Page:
While the divided Congress has disagreed sharply over the past year about changing the country's gun laws, today the House of Representatives came together to extend a ban on the possession of undetectable firearms, including plastic weapons produced by 3-D printer technology.
In a voice vote Tuesday afternoon, the House passed H.R. 3626, extending the Undetectable Firearms Act of 1988 for 10 years. The law explicitly prohibits the possession or manufacturing of firearms undetectable by X-ray machines and metal detectors at security checkpoints around the country.
Congress passed the original law in 1988, and had previously extended it twice. The current ban expires on Dec. 9, leaving little time for the Senate to follow the House's lead when the upper chamber returns from its Thanksgiving recess next Monday.
"While we have heard that some want to amend the bill when it arrives in the Senate, I urge our colleagues on the other side of Capitol Hill to quickly enact a clean 10-year reauthorization so that this ban on undetectable weapons will not expire," Rep. Howard Coble, R-N.C., stated after the vote.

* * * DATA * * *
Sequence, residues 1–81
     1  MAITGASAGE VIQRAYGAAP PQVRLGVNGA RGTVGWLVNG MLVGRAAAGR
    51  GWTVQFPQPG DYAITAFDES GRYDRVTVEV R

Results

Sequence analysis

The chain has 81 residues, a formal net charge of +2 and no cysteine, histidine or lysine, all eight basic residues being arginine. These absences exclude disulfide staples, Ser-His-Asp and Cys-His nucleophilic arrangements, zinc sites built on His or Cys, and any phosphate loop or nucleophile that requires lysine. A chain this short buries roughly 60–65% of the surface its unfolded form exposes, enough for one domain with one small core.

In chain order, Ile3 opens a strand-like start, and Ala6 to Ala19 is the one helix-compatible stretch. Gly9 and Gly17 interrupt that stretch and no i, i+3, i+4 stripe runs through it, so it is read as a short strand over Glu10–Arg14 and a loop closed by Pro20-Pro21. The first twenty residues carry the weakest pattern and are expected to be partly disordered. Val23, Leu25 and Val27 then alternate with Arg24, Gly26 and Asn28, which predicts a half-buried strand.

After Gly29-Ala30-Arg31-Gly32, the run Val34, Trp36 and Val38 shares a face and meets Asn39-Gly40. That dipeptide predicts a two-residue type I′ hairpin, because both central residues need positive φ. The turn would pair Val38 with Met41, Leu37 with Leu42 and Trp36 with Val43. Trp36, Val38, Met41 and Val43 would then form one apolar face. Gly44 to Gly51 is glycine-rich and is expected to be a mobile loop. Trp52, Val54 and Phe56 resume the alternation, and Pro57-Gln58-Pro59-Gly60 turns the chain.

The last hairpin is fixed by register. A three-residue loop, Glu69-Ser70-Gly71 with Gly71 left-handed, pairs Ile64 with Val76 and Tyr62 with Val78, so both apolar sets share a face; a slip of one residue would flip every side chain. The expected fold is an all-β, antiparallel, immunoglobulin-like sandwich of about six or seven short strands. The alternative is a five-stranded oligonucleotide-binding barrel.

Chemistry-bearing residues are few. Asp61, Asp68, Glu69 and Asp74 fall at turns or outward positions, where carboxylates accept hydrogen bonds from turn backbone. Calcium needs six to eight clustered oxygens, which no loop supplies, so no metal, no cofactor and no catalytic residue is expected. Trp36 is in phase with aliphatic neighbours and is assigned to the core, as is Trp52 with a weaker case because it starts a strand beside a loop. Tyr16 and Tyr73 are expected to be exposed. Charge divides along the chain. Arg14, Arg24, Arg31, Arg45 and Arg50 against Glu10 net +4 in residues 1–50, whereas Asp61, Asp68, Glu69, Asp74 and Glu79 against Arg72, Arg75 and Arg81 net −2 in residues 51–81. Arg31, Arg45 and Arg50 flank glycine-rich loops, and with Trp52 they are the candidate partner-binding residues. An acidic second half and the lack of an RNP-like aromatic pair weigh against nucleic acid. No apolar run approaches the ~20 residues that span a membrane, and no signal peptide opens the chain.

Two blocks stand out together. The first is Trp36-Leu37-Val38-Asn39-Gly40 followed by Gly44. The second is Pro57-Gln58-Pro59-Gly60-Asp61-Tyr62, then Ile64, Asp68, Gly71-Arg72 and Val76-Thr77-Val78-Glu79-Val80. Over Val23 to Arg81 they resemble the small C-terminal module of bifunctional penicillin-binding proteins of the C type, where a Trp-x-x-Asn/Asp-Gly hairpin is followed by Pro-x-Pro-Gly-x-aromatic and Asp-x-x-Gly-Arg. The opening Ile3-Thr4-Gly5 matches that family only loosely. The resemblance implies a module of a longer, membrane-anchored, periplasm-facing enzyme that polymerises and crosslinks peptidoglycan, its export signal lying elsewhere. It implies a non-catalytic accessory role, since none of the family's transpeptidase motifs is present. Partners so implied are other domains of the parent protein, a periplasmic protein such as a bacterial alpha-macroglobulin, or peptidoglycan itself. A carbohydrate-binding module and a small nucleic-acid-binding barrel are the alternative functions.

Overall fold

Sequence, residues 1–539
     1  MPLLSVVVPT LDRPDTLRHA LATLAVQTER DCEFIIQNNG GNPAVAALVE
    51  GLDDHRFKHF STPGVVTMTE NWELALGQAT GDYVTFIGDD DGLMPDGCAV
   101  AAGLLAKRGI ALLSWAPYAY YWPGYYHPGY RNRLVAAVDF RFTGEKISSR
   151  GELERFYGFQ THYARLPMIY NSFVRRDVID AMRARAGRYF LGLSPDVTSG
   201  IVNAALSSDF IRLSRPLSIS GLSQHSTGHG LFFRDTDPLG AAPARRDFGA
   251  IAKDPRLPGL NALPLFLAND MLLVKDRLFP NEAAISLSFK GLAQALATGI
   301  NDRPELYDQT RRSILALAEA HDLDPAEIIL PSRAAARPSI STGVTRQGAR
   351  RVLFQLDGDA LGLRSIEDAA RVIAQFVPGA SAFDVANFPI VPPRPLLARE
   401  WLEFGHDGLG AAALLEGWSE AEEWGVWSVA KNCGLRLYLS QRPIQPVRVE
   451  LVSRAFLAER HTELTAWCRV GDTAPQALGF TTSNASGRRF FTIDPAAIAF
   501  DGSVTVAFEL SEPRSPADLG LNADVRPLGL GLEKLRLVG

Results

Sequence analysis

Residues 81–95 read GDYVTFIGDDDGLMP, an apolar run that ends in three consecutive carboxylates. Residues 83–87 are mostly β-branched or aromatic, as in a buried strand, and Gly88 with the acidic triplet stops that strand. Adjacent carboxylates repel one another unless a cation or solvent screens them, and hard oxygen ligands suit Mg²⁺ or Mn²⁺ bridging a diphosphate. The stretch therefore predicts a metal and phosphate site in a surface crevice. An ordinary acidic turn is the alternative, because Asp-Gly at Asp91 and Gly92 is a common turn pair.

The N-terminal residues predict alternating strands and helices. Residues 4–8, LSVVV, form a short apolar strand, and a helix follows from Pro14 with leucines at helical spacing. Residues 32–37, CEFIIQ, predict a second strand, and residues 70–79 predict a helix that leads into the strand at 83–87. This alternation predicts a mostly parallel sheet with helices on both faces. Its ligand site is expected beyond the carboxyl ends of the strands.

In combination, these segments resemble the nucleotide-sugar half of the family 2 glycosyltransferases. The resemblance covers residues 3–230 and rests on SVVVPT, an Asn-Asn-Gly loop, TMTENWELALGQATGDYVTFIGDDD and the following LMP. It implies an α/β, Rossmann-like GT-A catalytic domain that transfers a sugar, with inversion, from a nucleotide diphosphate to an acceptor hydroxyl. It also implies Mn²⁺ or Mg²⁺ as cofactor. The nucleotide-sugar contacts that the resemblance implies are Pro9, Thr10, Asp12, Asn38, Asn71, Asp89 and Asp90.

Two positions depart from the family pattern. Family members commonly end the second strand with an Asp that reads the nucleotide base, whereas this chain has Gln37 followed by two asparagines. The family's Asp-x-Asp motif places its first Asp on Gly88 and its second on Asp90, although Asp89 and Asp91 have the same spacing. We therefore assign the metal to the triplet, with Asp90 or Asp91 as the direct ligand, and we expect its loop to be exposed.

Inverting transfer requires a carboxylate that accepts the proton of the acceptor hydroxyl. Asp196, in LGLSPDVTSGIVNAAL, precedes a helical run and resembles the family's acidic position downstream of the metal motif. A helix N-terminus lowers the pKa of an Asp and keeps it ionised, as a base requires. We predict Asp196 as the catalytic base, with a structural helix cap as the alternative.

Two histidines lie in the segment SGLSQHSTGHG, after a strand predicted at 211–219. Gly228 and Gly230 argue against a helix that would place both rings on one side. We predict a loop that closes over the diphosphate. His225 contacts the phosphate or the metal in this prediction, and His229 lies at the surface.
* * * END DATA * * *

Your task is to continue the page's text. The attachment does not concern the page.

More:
Rep. Steve Israel, D-N.Y., called the extension "a matter of common sense" that will make it tougher for terrorists and criminals to bring guns into secure environments.
"In 1988, when we passed the Undetectable Firearms Act, the notion of a 3-D printed plastic firearm slipped through metal detectors, onto our planes in secure environments was a matter of science fiction," Israel said during the floor debate on the bill. "The problem is that today it is a reality."
The move comes after numerous reports this year that lethal plastic weapons could be built at home with the emerging printing technology. Last month, the Bureau of Alcohol, Tobacco, Firearms and Explosives detailed the increasing threat of undetectable firearms. Designs for firearms, such as an AR-15, are spread throughout the Internet.
"We did the right thing today, acting in a responsible manner to maintain public safety standards. Ensuring that all families have safe access to airports and other public spaces is an obligation we all share," Rep. John Delaney, D-Md., wrote in a statement after the House acted to extend the ban. "Advancements in technology have created new challenges for law enforcement and serious public safety concerns. This common sense legislation helps to support the men and women working to keep our communities safe by banning lethal firearms that can slip past metal detectors."